Corrigan develops in his father’s program
Brian Plamondon | Monday, March 31, 2014
Growing up in Indiana, Irish junior midfielder Will Corrigan never faced a particularly high level of competition when it came to lacrosse. He actually was better at tennis in middle school, being told that he could certainly pursue that sport in college. By the time high school rolled around, however, he realized he enjoyed playing lacrosse even more — and he wanted to play for his dad, Irish coach Kevin Corrigan, now in his 26th season with the program.“Neither of us thought I could play at [Notre Dame’s] level,” Will Corrigan said with a laugh. “He said if I want to come here, I have a spot, but I probably won’t play for a few years. Kind of worked out for both our benefits that I was better than we expected.”
Will has since become a reliable and versatile player for Notre Dame, making smart decisions with the ball while contributing to the team’s offensive output. In 39 games (16 starts) his first three seasons, he has scored 11 goals while adding 11 assists. Part of his success can be attributed to his familiarity with the team and coaching style, spending countless hours around them as a kid. His father certainly thinks so, and he has also enjoyed every minute having his son on the team.
“I’m coaching a young adult,” Kevin Corrigan said. “I’m not coaching a little kid — there’s no real drama for he and I. And that I get to be a part of his college athletic experience is a pretty neat thing, because it’s something that he and I care a lot about and its something we’ll always have that we got to share.”
Will echoed his fathers’ sentiments, adding that he embraces the chance to see him every day.
“He was always a role model for me growing up,” he said. “Having him around every day is really great. I stop by the office almost every day to talk to him as a dad, not a coach, which is pretty cool.”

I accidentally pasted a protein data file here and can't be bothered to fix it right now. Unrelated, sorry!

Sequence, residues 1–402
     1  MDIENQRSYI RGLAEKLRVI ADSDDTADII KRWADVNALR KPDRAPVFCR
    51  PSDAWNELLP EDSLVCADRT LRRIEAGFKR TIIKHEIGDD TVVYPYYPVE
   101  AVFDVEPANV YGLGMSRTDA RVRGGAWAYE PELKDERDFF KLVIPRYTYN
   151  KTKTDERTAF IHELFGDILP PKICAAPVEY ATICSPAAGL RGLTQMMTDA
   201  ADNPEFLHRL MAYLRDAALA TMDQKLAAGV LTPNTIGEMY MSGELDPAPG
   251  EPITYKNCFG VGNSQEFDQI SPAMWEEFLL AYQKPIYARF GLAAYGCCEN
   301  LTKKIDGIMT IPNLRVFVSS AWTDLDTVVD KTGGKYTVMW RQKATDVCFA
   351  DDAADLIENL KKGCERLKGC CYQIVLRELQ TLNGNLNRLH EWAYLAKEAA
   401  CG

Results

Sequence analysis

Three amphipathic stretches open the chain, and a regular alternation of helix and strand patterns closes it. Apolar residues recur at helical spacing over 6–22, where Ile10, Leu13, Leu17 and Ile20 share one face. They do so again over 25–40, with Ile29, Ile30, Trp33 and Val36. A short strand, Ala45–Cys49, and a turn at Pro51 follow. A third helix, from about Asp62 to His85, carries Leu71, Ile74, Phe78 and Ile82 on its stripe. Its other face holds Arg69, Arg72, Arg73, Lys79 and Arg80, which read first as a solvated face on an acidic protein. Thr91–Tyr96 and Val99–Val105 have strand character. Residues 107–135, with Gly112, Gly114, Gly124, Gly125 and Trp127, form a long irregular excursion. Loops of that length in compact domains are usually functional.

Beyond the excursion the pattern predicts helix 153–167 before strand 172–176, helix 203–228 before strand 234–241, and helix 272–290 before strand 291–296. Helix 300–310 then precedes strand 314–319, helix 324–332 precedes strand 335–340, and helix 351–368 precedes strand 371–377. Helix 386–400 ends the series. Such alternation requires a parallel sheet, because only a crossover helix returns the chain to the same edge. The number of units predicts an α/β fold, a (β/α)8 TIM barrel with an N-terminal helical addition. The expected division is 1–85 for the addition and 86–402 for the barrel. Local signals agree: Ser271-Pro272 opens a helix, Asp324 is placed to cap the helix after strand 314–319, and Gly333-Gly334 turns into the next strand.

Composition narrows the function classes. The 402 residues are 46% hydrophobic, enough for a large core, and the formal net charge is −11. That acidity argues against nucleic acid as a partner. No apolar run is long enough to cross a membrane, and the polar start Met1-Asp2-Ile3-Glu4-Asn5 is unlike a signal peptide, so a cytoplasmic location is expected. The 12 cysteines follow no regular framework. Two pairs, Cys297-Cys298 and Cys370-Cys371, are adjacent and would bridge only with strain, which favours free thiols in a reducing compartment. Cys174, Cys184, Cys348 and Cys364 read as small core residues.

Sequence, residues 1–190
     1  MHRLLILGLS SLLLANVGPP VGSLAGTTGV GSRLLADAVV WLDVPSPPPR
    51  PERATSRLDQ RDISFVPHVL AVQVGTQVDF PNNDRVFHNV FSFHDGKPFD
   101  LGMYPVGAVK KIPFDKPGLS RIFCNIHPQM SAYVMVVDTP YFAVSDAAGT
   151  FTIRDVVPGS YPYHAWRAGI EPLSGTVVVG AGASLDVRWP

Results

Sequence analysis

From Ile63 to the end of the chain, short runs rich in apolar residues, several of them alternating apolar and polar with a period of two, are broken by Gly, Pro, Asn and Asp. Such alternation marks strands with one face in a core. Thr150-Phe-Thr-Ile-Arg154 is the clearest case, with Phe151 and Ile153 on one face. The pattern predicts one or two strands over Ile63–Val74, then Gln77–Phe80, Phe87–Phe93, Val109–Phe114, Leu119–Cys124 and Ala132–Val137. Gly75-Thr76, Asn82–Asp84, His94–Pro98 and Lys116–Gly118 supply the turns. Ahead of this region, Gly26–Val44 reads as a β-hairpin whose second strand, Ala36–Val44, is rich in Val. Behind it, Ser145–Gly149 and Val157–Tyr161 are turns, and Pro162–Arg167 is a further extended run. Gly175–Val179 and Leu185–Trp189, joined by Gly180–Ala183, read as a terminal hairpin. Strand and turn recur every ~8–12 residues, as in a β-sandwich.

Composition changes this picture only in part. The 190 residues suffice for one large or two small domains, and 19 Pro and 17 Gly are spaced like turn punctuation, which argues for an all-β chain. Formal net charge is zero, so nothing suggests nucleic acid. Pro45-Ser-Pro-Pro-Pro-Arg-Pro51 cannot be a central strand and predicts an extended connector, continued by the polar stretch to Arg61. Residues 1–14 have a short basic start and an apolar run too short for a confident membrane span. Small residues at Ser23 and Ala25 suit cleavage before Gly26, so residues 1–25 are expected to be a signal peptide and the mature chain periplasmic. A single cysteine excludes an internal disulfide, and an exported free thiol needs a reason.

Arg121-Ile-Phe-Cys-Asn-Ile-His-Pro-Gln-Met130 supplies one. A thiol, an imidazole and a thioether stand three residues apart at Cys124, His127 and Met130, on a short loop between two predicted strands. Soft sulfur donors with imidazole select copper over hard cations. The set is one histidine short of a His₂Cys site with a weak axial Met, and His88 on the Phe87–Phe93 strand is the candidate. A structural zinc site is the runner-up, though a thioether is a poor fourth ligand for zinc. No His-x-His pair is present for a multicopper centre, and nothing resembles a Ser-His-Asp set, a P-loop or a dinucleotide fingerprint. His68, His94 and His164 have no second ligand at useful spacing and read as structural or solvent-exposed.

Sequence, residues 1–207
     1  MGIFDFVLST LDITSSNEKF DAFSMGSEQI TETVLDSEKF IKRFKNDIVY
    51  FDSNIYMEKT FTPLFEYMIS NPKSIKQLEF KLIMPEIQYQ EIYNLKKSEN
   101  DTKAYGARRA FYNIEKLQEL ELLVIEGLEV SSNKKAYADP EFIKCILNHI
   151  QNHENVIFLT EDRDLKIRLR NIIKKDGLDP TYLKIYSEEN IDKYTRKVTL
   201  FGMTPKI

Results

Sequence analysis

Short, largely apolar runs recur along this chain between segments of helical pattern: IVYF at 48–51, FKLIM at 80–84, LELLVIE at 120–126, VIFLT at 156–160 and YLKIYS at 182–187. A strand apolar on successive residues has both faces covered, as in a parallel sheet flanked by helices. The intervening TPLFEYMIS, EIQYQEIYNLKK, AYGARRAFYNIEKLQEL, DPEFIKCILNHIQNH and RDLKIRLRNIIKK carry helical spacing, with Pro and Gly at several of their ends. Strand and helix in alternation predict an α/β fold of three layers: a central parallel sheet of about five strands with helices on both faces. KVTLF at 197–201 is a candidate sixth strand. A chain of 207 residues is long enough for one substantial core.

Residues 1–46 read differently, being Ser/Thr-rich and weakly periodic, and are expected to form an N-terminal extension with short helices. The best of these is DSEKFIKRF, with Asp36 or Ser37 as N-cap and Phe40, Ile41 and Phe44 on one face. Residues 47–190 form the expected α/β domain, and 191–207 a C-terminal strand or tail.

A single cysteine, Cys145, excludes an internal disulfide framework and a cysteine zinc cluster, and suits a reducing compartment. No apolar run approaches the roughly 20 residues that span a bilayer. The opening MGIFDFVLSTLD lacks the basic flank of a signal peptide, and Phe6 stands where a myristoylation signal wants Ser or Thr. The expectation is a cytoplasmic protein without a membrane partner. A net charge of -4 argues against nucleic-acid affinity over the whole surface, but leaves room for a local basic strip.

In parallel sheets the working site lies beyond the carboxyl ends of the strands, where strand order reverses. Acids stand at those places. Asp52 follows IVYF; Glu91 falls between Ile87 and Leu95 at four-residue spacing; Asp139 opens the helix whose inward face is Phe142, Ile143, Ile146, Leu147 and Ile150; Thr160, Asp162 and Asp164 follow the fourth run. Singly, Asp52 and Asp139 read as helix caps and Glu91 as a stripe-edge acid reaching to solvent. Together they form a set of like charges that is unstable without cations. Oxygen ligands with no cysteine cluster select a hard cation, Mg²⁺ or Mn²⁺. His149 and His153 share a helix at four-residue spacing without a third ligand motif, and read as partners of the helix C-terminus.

This is not to say that having his dad as a coach has not come with some adjustments for the younger Corrigan, particularly when his teammates air complaints about the coaching staff.
“It’s hard in the locker room when guys are saying, ‘Why did coach make us do this today?’ or ‘Why did we run so much?’,” Will said. “That whole aspect was challenging for me, but it’s gotten a lot better.”
Coach Corrigan understands the difficulties that his son faces his with his teammates. There is also the issue of where the line stops for him being a dad and where it begins for him as coach. The elder Corrigan said he has not found the issues to be difficult to resolve, however.
“When we’re on the field, I treat him no different than anybody else,” Coach Corrigan said. “That’s not to say I treat everybody the same. You learn what guys respond to and what they don’t, and while there’s a certain amount of pushing and prodding you really tailor it to what a guy responds to — I think I do that with Will on the field the same as everybody else.”
Since both are now trying to help the Irish win their first-ever national championship, lacrosse is always a hot topic at home during the summer.
“We talk about lacrosse [at home] but it’s not like he forces me into it — I almost force him into it,” Will said. “We’ve both always loved the game, so we try to figure out how can I get better and how the team can get better. The one thing I will say is it’s not as fun when you’re on vacation and your coach is with you and he knows if you’re working out or not.”